When Aaron Gilmore told police he had been sexually abused by a woman, the police officer's first response was: "I'm failing to see a crime here."

"It was like being hit with a sledgehammer," says the Dancing with the Stars performer, who will tell his story at New Zealand's first sexual abuse survivors' "summit" in Auckland tomorrow.

Mr Gilmore, now 31, was sexually abused from the age of 12 by a woman 23 years older than him.

The offender, Hendrika Margaret Shaskey, was jailed for five years in 2003 for the abuse. But she would have faced a longer sentence had she been a man having sex with a girl because the law then had not conceived of the possibility of a woman abusing a boy.

"When she was first charged she was only going to be charged with cruelty to a child," Mr Gilmore says.

Charges of sexual violation were added later and the law was changed in 2005 to raise the maximum jail term to 10 years for any "sexual connection" with a person under 16 of either sex.

A survey of 9000 New Zealand high-school students in 2007 found that 5 per cent of the boys said they had been "touched in a sexual way or made to do sexual things they didn't want to do". Mr Gilmore believes many boys still don't admit to having been abused, and that the true abuse rate of males is closer to a US estimate of one in six.

"My personal opinion is that it's much more common than we realise," he says.

Mr Gilmore's abuser, Mrs Shaskey, was the mother of two other children at the Christchurch dancing school Mr Gilmore attended. She spotted him as a vulnerable 11-year-old. "She was genuinely nice to me," he says. "I didn't have that kind of relationship with my own mother - she didn't know how to connect with me."

Mrs Shaskey started taking him on activities with her own children, and at the same time cultivated a friendship with Mr Gilmore's mother. "I looked at her like a second mother."

After about nine months, when he was 12, Mrs Shaskey drove him to a carpark alone one night and started "full-on kissing". He was "in a state of shock", but also liked the physical closeness.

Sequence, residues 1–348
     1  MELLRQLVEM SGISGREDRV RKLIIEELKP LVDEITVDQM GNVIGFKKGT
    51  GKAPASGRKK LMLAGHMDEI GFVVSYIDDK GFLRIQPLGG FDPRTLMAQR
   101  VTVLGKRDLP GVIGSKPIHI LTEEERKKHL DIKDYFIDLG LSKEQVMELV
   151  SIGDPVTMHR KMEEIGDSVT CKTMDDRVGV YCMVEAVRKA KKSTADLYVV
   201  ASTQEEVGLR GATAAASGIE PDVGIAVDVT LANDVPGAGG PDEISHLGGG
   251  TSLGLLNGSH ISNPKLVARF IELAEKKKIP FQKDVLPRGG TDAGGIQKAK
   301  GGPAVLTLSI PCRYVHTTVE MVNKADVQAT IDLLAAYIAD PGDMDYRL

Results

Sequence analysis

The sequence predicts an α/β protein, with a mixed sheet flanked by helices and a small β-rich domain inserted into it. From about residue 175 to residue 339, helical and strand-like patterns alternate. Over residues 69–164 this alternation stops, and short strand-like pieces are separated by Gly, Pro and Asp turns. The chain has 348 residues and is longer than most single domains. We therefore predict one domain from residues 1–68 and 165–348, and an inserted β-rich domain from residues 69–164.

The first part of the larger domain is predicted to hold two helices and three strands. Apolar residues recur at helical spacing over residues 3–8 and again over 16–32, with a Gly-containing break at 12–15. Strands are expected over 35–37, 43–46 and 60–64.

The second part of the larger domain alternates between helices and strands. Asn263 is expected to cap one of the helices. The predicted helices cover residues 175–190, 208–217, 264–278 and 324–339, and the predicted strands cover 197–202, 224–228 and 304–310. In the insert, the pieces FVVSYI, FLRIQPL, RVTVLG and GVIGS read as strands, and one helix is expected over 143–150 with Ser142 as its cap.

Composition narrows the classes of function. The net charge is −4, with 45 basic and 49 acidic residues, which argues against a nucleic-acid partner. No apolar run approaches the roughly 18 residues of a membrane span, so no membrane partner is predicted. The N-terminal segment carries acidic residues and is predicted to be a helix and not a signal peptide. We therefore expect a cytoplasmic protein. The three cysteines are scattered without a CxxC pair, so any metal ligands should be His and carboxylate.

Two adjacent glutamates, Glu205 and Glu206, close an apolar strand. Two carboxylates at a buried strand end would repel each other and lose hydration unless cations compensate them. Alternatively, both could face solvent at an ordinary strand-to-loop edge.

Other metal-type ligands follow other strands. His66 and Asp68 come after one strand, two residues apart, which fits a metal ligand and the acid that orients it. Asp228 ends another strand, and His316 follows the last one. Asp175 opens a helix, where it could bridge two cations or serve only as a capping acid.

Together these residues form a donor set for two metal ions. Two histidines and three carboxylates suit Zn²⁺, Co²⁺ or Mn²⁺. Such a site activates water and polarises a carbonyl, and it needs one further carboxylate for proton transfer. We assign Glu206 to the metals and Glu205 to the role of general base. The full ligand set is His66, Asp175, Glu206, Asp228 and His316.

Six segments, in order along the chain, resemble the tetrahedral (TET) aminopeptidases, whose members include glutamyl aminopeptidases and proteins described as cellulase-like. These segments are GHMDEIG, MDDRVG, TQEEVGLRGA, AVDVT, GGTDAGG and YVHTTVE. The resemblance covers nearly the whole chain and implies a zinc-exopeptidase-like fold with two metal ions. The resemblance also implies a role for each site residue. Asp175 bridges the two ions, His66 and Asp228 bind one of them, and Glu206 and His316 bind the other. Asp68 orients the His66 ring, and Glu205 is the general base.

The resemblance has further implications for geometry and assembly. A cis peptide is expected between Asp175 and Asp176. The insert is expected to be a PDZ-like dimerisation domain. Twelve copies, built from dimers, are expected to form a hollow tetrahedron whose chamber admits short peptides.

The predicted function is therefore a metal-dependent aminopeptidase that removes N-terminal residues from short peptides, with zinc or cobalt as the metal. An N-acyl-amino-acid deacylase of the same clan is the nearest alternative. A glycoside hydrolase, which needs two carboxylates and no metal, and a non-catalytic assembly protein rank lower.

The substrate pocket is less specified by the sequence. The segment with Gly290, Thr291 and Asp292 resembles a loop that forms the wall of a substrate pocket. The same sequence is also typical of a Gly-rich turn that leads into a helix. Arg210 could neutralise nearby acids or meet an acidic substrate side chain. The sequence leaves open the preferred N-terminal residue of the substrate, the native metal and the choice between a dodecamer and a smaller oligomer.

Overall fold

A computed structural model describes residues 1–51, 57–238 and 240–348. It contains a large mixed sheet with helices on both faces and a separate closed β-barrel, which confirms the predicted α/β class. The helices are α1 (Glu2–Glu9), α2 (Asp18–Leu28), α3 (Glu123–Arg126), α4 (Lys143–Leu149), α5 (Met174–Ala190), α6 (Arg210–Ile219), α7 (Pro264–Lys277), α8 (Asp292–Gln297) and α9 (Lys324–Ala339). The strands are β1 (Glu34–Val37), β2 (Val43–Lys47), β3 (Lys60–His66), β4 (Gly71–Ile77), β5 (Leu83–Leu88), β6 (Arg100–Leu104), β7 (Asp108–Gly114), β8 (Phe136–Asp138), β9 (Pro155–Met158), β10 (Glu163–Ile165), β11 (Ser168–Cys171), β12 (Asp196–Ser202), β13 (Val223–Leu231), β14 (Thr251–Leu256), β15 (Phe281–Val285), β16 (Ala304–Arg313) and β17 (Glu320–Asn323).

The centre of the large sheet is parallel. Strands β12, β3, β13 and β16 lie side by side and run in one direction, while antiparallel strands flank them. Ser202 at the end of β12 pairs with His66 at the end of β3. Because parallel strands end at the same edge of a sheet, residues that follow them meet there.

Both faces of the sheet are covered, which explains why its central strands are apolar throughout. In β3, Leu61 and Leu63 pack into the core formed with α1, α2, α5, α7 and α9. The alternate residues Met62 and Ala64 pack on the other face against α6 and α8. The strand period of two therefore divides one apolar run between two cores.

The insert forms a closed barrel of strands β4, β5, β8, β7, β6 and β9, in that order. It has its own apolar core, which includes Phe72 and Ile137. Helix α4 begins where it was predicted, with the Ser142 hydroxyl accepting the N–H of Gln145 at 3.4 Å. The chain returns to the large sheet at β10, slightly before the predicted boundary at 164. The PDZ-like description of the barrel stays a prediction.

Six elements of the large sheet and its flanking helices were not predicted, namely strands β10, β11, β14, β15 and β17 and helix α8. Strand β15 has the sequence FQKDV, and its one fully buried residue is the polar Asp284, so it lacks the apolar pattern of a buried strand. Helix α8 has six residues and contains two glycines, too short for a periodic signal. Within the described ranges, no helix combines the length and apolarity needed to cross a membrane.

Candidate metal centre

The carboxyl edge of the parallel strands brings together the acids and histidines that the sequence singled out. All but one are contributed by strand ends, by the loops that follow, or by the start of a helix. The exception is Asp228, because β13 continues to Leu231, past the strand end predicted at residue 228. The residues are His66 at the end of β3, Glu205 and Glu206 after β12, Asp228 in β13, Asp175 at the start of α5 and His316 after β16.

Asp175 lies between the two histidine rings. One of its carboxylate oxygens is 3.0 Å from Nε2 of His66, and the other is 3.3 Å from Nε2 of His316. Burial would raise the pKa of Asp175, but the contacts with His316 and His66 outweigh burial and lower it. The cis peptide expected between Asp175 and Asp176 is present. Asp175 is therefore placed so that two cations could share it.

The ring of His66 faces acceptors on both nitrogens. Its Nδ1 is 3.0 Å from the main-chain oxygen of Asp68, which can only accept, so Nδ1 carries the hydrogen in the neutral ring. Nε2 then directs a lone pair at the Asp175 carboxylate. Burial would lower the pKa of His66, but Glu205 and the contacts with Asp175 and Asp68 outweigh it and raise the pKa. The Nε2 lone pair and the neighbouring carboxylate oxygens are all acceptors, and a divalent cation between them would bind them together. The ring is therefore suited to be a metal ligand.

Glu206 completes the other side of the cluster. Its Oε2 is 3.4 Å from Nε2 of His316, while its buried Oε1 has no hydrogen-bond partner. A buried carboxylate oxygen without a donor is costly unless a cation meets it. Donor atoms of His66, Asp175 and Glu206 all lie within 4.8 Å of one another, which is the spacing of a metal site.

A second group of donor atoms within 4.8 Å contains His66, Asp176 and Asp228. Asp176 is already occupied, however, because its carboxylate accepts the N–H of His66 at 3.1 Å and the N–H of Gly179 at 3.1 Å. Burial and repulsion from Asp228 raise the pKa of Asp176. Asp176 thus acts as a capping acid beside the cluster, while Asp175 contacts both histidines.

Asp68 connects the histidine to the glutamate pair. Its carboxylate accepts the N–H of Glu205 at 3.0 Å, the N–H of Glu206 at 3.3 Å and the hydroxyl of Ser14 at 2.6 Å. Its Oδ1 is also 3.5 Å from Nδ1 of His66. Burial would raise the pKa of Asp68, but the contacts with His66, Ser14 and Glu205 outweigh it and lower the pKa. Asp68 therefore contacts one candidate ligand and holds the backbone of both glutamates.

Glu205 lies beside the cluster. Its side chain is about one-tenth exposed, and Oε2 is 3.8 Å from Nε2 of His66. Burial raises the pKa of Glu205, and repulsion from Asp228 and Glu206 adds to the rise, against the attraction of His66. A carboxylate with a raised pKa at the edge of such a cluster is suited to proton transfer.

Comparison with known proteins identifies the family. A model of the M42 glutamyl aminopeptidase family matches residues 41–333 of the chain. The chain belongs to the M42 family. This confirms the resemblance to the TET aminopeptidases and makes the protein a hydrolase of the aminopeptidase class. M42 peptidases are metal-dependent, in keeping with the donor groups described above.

"My mother wasn't demonstrative at all. She didn't cuddle. So as a kid you want those things," he says.

Over the next few months he started staying the night at the Shaskeys', and Mrs Shaskey took him on a holiday to the West Coast.

In a hotel in Greymouth, she got into bed with him. Even though he had not yet finished puberty, his body responded. "That's one of the challenges of being abused as a guy ... It's a reaction to physical stimulus."

Mrs Shaskey's marriage broke up a few months later. She kept the children, and soon after Mr Gilmore's parents let her take him in as a boarder because she lived closer to his new high school and dancing school.

He rebelled once early on, but she "burst into tears ... and went storming down the hallway saying, 'That's it, I'm going to tell your parents'." He gave in, accepting that everything must be his fault.

"After that she really changed," he says. "She became quite mean and cruel and really, really controlling."

It took him more than five years to escape. Finally, when he was 18, he took up an offer to dance in Australia. Later he came back to Christchurch and, when he was 22, was referred by a workmate to free counselling funded by ACC.

The counselling gave him the courage to tell his parents, and then the police.

Now, he believes the only way to stop sexual abuse is to talk about it. He has his own children now, aged 7 and 5, and wants to make sure they never feel unloved.

On the web: www.sosanz.com
* 20 per cent of high-school girls, and 5 per cent of high-school boys, say they have been touched in a sexual way or made to do sexual things they didn't want to do.

* Only 43 per cent of the abused girls, and 29 per cent of the abused boys, have told anyone about it.

Source: www.youth2000.ac.nz